*** = would order again, very good
** = OK, good in context
* = edible but not my favorite
There was nothing that I disliked.
Shredded fish and spinach soup: light and delicate, a beautiful jade-green. It seemed to have a good amount of white pepper. *
Xiao lung bao dumplings: very juicy. ***
Vegetarian duck: unusual, because most places serve a vegetarian Goose. This seemed heartier than the usual veg goose.***
Shredded tofu and cilantro: not too exciting for me. *
Drunken chicken: I thought this did not have enough wine flavor. *
Shanghai sweet and sour ribs: Very unusual. The ribs were in small pieces, deepfried. But the sauce was more sour than sweet (a good thing); a good vinegar flavor. ***
Five spice crispy duck: As Eugene mentioned, this was rather neutral-tasting. *
Bi feng eggplant: Very unusual. Grenades of flavor, consisting of two pieces of eggplant sandwiching some sort of filling (fish paste), covered in breadcrumbs (Panko?) flavored with pepper, garlic and other spices, then deepfried. Most unexpectedly, there was a huge pile of extra breading covering the plate. It is not clear to me what one was to do with this material; it was too bready to be a topping for rice, though it was tasty on its own. **
Ong choi with fermented bean curd *** nice bits of sweet red pepper. Also good as leftovers.
Squirrel mandarin fish* I only had the crispy bits. Although I snatched the head away from Yimster, it turned out to be hard and bony (the head, not Yimster). The sauce was just OK. The crispy parts got soggy rather quickly. It was some sort of bass, and I think that kind of fish is better simply steamed.
Shanghai meatballs (Lion’s Head): * the meat was coarsely chopped, not to my taste though I see how it could be attractive. I prefer the style where the meatballs are in a broth with noodles, and with a smoother texture.
The following three items were, as mentioned, similar, and served together so that the effect was muted. They were all very salty.
Sautéed eel ** The usual tender slender strips of eel.
Three cup chicken *** Served flaming! With 110 proof Chinese sorghum liquor. You can see the flames in Marlon's photograph!
Shanghai braised pork ** This had "knots" of bean curd skin mixed in. It had an unusual green herb in the sauce -- perhaps some sort of basil. Very tasty but too salty (even in leftovers the next day).
Taro and sesame rolls *** Fried cylinders of taro, crusted with sesame at each end. Unusual; though I was full, I wound up eating a bunch of these.
The service was great, but we were practically the only people in the place. Very sweet waiters and owners.
Marlon did not mention that the $25 cost included the tip (they had included it in the overall price), and three five-dollar corkage fees, perfectly reasonable for a magnum and two bottles. It also included the cost for the two no-shows, so it would have been $22.50 if they had been there.
Funny, those of us at the "kid's table" (i.e. the round table added on to the long table) had some different perceptions of the food:
Shredded fish and spinach soup - we did agree that the spinach soup was the revelation of the meal. It had just the right degree of "spinachness" to it that would please both fans of the veggie as well as those who are normally "eh" about it, with a subtle punch of heat from white pepper.
5 spice crispy duck - tasted more like a very well-prepared cripsy chicken (though it was obviously duck from the color of the flesh). The flavors of it were surprisingly muted. It wasn't bad, but it tasted like chicken (which duck shouldn't).
Squirrel mandarin fish - I agree with Yimster that the black seabass would've been better prepared in a steamed preparation rather than battered and deep-fried. It was amusing to hear Yimster & Joel debate who was going to get the fish head. Luckily, there were 2 preparations for the group....=-D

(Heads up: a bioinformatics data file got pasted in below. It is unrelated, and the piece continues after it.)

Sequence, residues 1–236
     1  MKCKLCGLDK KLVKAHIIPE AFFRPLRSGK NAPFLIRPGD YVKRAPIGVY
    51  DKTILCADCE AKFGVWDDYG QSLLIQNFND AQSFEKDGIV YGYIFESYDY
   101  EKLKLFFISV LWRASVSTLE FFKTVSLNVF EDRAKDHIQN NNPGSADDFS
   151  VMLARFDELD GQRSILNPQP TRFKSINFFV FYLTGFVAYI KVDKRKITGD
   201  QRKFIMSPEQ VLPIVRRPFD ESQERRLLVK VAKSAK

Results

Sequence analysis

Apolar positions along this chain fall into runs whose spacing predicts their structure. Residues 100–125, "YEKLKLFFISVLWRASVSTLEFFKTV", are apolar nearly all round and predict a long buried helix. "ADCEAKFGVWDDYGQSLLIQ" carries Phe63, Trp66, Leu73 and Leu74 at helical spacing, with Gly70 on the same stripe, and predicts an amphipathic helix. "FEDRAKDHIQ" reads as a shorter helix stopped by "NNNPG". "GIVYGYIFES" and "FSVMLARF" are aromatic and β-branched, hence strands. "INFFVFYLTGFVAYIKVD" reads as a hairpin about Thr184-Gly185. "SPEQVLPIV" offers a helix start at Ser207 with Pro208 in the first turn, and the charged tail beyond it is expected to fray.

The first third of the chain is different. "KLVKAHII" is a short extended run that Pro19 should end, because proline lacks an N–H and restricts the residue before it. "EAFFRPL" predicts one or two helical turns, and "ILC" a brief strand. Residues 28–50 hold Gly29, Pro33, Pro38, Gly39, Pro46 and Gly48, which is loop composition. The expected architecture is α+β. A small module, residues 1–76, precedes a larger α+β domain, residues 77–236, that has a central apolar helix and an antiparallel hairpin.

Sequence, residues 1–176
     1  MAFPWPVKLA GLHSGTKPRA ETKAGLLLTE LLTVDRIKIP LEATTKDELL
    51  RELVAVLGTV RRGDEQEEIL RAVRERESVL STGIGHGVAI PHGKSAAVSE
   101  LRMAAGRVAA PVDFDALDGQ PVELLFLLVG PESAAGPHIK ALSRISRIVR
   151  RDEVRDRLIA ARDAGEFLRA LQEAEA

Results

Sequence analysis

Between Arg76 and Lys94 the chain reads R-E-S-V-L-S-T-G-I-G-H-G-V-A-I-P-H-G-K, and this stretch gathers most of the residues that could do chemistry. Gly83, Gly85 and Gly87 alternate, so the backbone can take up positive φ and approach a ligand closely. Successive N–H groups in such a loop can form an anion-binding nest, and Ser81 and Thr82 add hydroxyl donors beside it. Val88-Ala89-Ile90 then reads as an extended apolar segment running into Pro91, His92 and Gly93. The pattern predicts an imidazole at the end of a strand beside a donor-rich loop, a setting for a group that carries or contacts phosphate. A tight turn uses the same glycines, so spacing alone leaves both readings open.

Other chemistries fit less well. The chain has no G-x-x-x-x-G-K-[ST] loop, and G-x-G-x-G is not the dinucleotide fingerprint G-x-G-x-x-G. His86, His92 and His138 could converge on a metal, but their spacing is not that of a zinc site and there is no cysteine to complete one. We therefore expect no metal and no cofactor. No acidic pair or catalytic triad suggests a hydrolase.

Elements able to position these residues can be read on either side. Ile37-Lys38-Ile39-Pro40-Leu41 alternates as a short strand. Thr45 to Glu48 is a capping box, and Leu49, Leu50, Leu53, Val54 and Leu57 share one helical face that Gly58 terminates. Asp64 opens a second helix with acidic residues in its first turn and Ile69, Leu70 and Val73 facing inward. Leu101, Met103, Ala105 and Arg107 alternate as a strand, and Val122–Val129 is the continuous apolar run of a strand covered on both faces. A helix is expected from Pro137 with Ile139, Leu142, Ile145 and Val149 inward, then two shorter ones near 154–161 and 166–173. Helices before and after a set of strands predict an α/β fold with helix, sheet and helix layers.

Shanghai braised pork - who amongst us doesn't love pork belly??!!
Kudos to Marlon for doing a tremendous job organizing this and putting together the menu, as well as to Carol & Joel for providing the cabernet & cabernet franc for us. As always, it was great seeing other CH'ers and sharing many stories (mostly food-based in nature). Cya at the next one!
Thanks again, Marlon, for organising. And to Joel for the lovely wine.
I am gonna have to concur with both David's on the shredded tofu with cilantro, the five spice duck, the lion's head and the shredded fish and spinach soup. There was just a hint of heat on the tofu dressing that really brightened the dish. I liked the subtleness of the soup and how soft the fish meat was. The lion's head was good in that it was so dense. And the duck had that combined savory and aromatic qualities.
I did think that the eel, pork, drunken chicken all came out in succesion and all had that cloyish, clinging sweet reddish brown sauce that it kind of deadened my palate. Those dishes would have been better served with other flavours or sauced dishes interspersed.
However, all in all the place is a great find. And really enjoyed communing with other hounds....
Thanks again to Marlon for setting this up. It was my first Chowdown and look forward to many more in the future.
I too really liked the Shredded tofu and cilantro, Five spice duck, shredded fish and spinach soup. I found their lion's head (Shanghai meatballs) to be quite good as well, unlike many other places which make it too salty.
I liked the restaurant. It was one I've passed by numerous times but never really occurred to me to drop in.
All in all a great evening, who can argue with great food and great company.
Thanks to our host and organizer, Marlon.
My favorite dishes were:
- Shredded tofu and cilantro
- Shredded fish and spinach soup
- Bi feng eggplant
- Five spice crispy duck
Enjoyable dishes were:
- Vegetarian duck
- Shanghai meatballs
- Ong choi with fermented bean curd
- Drunken chicken
Not so great
- The XLB were too salty for my taste. I've had better.
- The eel and braised pork were served at the same time, and because the sauce was so similar it diluted the flavor of both dishes.
- Squirrel mandarin fish was much too sweet for me.
I met some nice people and enjoyed our food banter, of course! Joel's wine selections were enjoyable - very nice of him to continually refill our glasses!
I liked the restaurant. Small and unassuming,